TÍMEA ANDORKA: I am working at a Kunsthalle (art center). As a graphic designer I frequently collaborate with artists. It is a great opportunity to learn from them about the use and handling of colors. When I work on something independently I often use the effects of light and shadow or certain color-based optical illusion. Moreover, I am completely fascinated by the play of colors as a result of paper marbling – nothing else could produce that kind of visual pattern.

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PANTONE: How do you select colors?

TA: In the selection of colors one always has to meet the demands of the content of the actual work. Anyway, I put more emphasis on the harmony of colors, their relations to each rather than picking one out of them.

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PANTONE: Do you attach specific emotions to colors?

TA: There are methods of emotional effectivity by the means of color usage and I use them when required. But, as far as I’m concerned I do not associate specific emotions with colors. Nevertheless, in clothing I preferably wear white pieces and in addition to that I cannot even imagine myself in black.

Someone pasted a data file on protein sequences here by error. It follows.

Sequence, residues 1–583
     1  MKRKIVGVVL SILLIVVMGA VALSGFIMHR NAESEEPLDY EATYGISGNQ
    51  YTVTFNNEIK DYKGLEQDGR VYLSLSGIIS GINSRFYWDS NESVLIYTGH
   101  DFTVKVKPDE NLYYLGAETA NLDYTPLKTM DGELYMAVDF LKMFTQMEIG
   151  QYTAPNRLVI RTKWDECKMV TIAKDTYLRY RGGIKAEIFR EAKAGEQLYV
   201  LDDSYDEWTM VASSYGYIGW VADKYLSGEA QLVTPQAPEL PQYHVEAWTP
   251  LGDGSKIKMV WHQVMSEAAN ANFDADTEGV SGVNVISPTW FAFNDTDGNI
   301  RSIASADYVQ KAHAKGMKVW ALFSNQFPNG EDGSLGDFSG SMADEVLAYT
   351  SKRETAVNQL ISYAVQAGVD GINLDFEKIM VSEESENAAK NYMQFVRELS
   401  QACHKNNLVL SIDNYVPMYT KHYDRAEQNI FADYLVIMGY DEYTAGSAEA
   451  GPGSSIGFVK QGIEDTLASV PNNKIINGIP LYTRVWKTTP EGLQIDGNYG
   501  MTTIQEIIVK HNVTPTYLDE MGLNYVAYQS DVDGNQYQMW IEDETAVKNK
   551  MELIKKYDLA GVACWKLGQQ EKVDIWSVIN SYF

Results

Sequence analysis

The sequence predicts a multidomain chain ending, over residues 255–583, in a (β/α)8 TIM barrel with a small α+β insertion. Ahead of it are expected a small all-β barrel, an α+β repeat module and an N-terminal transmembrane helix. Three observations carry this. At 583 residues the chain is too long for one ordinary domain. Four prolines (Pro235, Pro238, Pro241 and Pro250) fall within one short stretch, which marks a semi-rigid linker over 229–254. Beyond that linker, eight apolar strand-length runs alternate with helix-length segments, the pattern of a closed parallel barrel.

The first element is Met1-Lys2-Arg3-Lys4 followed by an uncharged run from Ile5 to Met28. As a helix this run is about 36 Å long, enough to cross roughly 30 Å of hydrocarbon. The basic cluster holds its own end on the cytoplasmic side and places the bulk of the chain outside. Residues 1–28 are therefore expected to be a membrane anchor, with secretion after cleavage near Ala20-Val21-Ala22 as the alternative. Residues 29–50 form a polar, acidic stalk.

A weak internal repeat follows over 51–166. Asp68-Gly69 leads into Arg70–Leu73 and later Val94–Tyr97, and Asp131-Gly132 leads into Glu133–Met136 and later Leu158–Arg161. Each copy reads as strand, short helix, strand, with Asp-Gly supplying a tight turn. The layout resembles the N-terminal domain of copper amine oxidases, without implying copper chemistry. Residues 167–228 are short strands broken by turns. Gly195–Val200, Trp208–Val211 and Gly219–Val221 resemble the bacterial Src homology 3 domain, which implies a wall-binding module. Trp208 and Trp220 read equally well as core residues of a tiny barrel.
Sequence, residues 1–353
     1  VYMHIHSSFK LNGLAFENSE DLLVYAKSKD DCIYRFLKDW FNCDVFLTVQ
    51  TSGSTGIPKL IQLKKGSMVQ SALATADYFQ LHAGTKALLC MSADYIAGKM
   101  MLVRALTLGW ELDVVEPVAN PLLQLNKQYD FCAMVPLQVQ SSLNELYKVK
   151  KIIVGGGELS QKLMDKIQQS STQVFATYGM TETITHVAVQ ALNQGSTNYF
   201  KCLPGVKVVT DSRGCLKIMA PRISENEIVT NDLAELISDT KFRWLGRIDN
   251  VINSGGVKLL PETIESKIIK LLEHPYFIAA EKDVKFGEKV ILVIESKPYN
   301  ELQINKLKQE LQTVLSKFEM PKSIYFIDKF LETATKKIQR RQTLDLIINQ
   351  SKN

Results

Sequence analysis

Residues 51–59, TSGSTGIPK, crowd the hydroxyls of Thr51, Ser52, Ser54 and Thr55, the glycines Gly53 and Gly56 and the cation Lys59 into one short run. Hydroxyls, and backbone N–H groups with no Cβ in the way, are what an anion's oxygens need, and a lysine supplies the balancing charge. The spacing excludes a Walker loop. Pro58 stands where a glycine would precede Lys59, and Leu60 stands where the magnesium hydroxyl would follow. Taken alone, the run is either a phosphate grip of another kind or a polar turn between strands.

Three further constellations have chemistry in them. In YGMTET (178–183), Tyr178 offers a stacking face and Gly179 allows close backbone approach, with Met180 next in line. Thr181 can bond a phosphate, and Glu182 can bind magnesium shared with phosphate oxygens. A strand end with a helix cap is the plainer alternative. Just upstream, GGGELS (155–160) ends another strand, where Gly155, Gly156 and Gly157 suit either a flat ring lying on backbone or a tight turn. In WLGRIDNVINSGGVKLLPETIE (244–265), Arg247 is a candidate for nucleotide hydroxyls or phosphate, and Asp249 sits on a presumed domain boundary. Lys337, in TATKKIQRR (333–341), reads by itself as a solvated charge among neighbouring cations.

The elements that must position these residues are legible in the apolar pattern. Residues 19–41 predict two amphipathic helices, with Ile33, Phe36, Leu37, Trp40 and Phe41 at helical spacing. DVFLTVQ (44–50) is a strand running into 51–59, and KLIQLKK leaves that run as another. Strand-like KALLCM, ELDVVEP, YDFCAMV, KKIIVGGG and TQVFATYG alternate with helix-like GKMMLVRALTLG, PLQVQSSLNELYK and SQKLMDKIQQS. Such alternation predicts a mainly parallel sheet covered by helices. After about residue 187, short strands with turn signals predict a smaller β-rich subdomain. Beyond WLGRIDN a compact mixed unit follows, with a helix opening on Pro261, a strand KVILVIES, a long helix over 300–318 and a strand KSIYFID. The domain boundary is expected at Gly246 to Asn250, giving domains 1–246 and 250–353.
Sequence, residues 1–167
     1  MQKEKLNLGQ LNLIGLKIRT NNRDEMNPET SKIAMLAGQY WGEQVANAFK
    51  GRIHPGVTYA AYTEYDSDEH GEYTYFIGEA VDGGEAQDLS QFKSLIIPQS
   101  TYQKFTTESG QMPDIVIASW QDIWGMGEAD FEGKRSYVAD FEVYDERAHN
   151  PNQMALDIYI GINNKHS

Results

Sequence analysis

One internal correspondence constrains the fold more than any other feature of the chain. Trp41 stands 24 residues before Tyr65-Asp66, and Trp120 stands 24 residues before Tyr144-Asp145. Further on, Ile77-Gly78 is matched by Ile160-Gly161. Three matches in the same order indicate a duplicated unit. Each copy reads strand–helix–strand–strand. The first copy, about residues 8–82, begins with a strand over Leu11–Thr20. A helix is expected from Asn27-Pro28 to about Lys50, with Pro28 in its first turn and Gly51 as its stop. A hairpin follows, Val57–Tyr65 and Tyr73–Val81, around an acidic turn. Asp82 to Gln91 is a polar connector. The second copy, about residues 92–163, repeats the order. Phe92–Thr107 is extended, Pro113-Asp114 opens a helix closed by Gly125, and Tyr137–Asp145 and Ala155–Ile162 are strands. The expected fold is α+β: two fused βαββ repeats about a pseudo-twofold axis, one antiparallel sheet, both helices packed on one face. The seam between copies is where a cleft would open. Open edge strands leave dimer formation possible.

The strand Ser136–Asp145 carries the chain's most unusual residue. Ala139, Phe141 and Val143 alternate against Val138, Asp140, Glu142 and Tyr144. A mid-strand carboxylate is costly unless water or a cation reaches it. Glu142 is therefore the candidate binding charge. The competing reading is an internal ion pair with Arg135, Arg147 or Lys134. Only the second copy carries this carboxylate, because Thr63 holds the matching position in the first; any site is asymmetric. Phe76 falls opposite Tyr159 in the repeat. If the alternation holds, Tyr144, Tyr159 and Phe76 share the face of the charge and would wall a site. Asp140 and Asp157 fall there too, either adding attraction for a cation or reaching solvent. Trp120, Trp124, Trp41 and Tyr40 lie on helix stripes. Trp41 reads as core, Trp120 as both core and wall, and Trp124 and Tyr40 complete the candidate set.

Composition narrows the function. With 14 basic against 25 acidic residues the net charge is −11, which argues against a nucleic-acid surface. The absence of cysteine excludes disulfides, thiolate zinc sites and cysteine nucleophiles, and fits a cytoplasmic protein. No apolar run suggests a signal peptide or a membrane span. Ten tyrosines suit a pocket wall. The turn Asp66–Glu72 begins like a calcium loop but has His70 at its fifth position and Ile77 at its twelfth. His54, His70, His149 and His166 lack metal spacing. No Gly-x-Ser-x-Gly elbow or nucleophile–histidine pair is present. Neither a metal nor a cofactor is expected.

PANTONE: The portfolio Pantone selected for the Artist Edition Covers is a poster project called “Optics/Chromatics.” How did you arrive at that title and how does it relate to the content of the poster?

TA: The title refers to Goethe’s conception of colors as it opposed to the Newtonian theory. While the first placed emphasis on experience, the sensation of colors, the second focused on the abstract mathematical structure of the spectrum. Although Goethe used both terms: by Chromatics he characterized his own endeavors and by Optics he named Newton’s inquiry. In my work I aimed to show the meaning of this distinction with simple means – with paper, light and shadow.

PANTONE: You cite Goethe’s “Theory of Colours” as a source of inspiration and point of departure for this project. What ideas from that text did you draw upon?

TA: Goethe was the first who described the way of making colored shadows. My poster is a kind of demonstration of that phenomenon.

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PANTONE: Who are some artists that you admire?